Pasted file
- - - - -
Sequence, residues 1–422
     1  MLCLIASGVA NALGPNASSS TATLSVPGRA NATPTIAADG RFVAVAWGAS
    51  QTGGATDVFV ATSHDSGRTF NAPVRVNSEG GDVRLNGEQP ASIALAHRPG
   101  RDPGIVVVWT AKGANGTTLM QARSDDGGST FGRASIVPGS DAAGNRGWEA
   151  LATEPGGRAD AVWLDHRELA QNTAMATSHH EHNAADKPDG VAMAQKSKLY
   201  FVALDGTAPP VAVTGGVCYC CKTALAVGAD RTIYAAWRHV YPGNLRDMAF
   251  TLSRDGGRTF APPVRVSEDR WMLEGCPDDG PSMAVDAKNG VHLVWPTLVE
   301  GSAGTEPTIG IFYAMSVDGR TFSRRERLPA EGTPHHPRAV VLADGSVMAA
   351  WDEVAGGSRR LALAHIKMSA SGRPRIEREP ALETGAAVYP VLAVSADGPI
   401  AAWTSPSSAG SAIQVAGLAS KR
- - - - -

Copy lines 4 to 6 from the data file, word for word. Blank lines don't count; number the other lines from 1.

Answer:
   101  RDPGIVVVWT AKGANGTTLM QARSDDGGST FGRASIVPGS DAAGNRGWEA
   151  LATEPGGRAD AVWLDHRELA QNTAMATSHH EHNAADKPDG VAMAQKSKLY
   201  FVALDGTAPP VAVTGGVCYC CKTALAVGAD RTIYAAWRHV YPGNLRDMAF